An example: a Pelletron accelerator worth Rs400m was ordered in 2005 with HEC funds. It eventually landed up at Quaid-i-Azam University, and was installed last month by a team of Americans from the National Electrostatics Corporation that flew in from Wisconsin. But now that it is there and fully operational, nobody – including the current director – has the slightest idea of what research to do with it. Its original proponents are curiously lacking in enthusiasm and are quietly seeking to distance themselves from the project.


Inside Islam, a woman’s roar

Wazhma Frogh, an Afghan, uses her religion to press for women’s rights – and development agencies take note. Jill Carroll in The Christian Science Monitor:


Just hours after Wazhma Frogh arrived in an isolated, conservative district in northeastern Afghanistan in 2002, the local mullah was preaching to his congregation to kill her. Ms. Frogh was meddling with their women with her plan to start a literacy program, he told the assembly.

As she walked past the mosque during noon prayers, his words caught her ear. Shocked, she marched straight into the mosque. In a flowing black chador that left her face uncovered, she strode past the male worshipers and faced the mullah. Trembling inside, she challenged him.

“Mullah, give me five minutes,” she recalls saying. “I will tell you something, and after that if you want to say I am an infidel and I am a threat to you, just kill me.”


The girl who grew up as a boy

Arti Pandey in International Herald Tribune:

I was greeted by a high school graduate dressed in men’s salwar-kameez and vest when I arrived at the school in Afghanistan’s Northern province of Faryab last July.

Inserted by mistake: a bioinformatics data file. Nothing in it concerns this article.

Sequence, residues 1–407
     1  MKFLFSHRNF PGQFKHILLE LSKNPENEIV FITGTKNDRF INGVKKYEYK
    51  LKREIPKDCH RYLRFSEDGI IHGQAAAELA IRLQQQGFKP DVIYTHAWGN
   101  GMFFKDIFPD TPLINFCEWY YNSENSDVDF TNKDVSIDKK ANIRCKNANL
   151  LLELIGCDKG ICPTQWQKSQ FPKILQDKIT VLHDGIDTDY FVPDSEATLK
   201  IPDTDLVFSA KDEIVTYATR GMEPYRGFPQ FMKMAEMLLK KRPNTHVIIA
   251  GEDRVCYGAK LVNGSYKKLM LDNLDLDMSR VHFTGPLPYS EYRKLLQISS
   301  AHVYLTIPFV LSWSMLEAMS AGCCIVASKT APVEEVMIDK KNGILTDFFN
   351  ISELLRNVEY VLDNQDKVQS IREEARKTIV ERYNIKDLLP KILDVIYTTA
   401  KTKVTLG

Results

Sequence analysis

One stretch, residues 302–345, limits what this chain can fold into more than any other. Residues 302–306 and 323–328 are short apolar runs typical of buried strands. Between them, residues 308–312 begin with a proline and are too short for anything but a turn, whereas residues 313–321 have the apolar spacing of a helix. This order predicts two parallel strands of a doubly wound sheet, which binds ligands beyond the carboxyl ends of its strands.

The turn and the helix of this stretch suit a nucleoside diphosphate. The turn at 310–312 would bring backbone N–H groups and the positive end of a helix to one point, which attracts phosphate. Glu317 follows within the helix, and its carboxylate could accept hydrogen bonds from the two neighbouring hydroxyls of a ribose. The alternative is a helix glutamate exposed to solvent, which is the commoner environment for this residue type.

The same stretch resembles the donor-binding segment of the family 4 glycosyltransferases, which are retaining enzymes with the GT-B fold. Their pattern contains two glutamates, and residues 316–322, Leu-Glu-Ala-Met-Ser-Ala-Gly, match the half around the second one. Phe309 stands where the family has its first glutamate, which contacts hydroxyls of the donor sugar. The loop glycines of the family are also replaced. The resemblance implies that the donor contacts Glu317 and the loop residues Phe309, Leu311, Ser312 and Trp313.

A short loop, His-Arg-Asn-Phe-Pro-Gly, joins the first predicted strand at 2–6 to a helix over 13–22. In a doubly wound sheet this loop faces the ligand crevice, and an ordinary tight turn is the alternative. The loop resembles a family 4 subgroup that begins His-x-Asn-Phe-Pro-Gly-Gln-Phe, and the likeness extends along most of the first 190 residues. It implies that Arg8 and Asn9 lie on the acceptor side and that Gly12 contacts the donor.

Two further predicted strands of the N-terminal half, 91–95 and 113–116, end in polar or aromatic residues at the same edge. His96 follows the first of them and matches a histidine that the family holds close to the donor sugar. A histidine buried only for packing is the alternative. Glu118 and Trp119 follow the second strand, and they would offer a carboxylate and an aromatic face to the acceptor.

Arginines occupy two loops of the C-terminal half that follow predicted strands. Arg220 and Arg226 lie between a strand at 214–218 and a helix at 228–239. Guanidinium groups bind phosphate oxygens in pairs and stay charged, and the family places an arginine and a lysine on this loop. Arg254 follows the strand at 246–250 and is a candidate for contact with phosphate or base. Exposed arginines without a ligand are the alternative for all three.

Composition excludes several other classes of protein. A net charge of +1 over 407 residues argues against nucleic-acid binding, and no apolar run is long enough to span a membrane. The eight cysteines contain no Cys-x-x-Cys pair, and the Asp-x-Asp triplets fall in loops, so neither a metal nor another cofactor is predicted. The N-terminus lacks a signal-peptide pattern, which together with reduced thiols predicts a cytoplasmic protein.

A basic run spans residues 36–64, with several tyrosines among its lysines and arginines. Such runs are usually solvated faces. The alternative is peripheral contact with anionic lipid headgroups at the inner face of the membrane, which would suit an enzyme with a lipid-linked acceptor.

“You thought I was boy, didn’t you? Because I dress like boy and walk like boy – yes?” The short hair and men’s clothing contradicted a girlish voice. “I always dress like boy. People think I am boy, but I am girl. But I don’t like to be girl.”

This was my introduction to Azaada Khan, the girl who grew up as a boy under the omniscient eye of the Taliban.


Online education takes off in India

The business of distance learning on the subcontinent is becoming so big that foreign universities and venture capitalists are taking note. Nandini Lakshman in BusinessWeek:

It’s a Sunday afternoon and class time for 39-year-old IT worker Seema Shetty. Her feet curled under her in a swivel chair, she sits in front of a computer monitor, adjusts a set of headphones, and scribbles in a notebook. Shetty, who works for consulting firm Mastek in Mumbai, is in a virtual classroom in the Vile Parle suburb, where a dozen computers link students to some of India’s elite management institutions. Today’s class is a three-hour general management lecture, part of the online education course conducted by the Xavier Labor Relations Institute in Jamshedpur, in the remote northern Indian state of Jharkhand.